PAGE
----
By Kathryn Marquis Azevedo
Most students take the SAT timed, which means there is a time limit during which students can work on each section of the SAT. The shortest math section on the SAT has a twenty-minute time limit (for 16 questions), while the other two math sections have a 25-minute time limit (more time for more questions). Students who find it difficult to finish all the math questions in the allotted time may find the following time-saving strategies helpful.
It should be noted, however, that finishing all the questions in a section is not imperative to getting a high score. A student’s score is likely to be higher if he or she answers questions deliberately and thoughtfully – and thus answers questions correctly – than if he or she rushes through the sections, answering questions incorrectly, for the sake of finishing in time.
10 tips for saving time on the SAT Math
1. On the math sections, answer the easier questions first, as these presumably take less time to answer. (A student can always attempt the harder questions if there is time at the end of the section). The math questions increase in difficulty. On the section with the grid-ins, the questions increase in difficulty from 1-8, and again from 9-18.
2. On certain math questions, a student may arrive at an answer more quickly if he or she plugs in the answer options. When plugging in answers, it can be helpful to start with answer option C (the middle number), as doing so may reveal if a larger or smaller number is needed. Further details for this process are outlined on card 9 of the SAT Math SullivanCards.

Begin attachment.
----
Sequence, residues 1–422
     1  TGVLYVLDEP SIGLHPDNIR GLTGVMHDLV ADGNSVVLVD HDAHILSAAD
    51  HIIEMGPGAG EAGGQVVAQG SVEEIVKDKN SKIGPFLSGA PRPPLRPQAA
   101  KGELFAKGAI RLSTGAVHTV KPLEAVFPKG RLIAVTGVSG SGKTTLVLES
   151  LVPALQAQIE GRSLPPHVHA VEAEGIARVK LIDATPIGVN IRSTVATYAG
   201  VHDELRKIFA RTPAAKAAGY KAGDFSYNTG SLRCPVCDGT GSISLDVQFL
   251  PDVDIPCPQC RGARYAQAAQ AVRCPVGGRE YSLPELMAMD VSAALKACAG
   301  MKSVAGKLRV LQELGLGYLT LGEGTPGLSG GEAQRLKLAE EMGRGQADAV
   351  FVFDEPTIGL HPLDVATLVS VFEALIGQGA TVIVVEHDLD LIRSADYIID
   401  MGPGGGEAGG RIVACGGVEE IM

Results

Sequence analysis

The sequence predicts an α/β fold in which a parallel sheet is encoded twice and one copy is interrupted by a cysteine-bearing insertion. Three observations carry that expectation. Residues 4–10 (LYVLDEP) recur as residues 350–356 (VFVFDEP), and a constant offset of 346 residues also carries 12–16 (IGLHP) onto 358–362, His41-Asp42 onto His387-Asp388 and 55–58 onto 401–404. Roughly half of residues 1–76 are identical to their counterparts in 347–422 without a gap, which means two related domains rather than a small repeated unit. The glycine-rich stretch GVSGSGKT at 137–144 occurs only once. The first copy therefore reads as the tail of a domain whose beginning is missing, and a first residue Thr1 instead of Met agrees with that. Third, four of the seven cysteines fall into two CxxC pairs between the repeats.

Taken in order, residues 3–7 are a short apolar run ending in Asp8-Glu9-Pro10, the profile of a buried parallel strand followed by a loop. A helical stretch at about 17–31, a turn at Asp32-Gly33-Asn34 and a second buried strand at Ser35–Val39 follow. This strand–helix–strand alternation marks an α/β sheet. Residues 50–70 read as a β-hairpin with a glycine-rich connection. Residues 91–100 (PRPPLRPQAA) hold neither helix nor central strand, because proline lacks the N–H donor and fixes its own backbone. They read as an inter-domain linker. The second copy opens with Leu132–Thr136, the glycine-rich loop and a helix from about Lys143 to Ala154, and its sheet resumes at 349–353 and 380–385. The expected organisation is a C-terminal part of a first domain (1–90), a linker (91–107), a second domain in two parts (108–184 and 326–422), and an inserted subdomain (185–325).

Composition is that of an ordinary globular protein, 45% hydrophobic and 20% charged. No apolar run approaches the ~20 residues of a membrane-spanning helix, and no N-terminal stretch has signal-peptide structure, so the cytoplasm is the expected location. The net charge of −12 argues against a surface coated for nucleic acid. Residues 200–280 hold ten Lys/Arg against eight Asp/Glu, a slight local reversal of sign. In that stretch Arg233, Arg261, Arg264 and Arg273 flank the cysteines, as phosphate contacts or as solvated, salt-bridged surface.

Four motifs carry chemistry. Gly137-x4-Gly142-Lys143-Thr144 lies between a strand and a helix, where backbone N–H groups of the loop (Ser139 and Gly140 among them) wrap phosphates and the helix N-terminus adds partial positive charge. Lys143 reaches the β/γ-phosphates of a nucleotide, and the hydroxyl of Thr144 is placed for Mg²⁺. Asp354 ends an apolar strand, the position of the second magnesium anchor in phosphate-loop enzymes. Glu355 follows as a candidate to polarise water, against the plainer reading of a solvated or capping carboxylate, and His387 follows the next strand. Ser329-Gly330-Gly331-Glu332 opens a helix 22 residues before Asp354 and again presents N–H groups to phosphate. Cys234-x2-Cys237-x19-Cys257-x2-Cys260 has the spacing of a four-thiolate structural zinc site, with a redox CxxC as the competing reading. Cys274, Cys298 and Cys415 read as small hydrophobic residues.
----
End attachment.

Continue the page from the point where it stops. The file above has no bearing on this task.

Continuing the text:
3. Cross-multiply early and often (see card 4 of the SAT Math SullivanCards), as the test-makers write certain questions with cross-multiplication in mind.
4. Students should know their geometry (and other relevant) formulas, especially the ones that are not given at the beginning of each math section. See the SAT Math SullivanCards for all other significant formulas a student needs to know.
5. Some questions become easier (and thus less time-consuming) when students throw numbers in for variables. When using this strategy, students should try to use numbers that make the question easier, such as using 100 for percent questions. More details about this process are on card 8 of the SAT Math SullivanCards.
6. Students should re-read questions that seem harder than they should. The SAT math questions can be wordy, and understanding what questions are really asking is essential to saving time in the long run.
7. Students should skip certain hard questions. Unless a student’s goal is to score in the high 600’s or above, he or she should skip questions that are very difficult. This is important since all questions are worth the same (ie: the questions are not weighted).
8. Practice! The more practice SAT tests a student takes, the more confidence he or she will have. Students who take sufficient practice tests before the real SAT also become familiar with the test instructions, format and common questions, which naturally increases one’s testing pace.
9. Do not spend too long on any one question. Some questions are certainly more difficult than others, but students should be aware of the questions that are taking “too long” and either take an educated guess (if they have eliminated one or more answer options) or skip the question.
10. Be okay with skipping questions. Many students panic when they run out of time on a section, falsely believing that a few blank answers will profoundly affect their score. If a student panics on one section, he or she is likely to approach subsequent sections with an unfocused mind, which can lead to leaving even more questions blank on the rest of the test.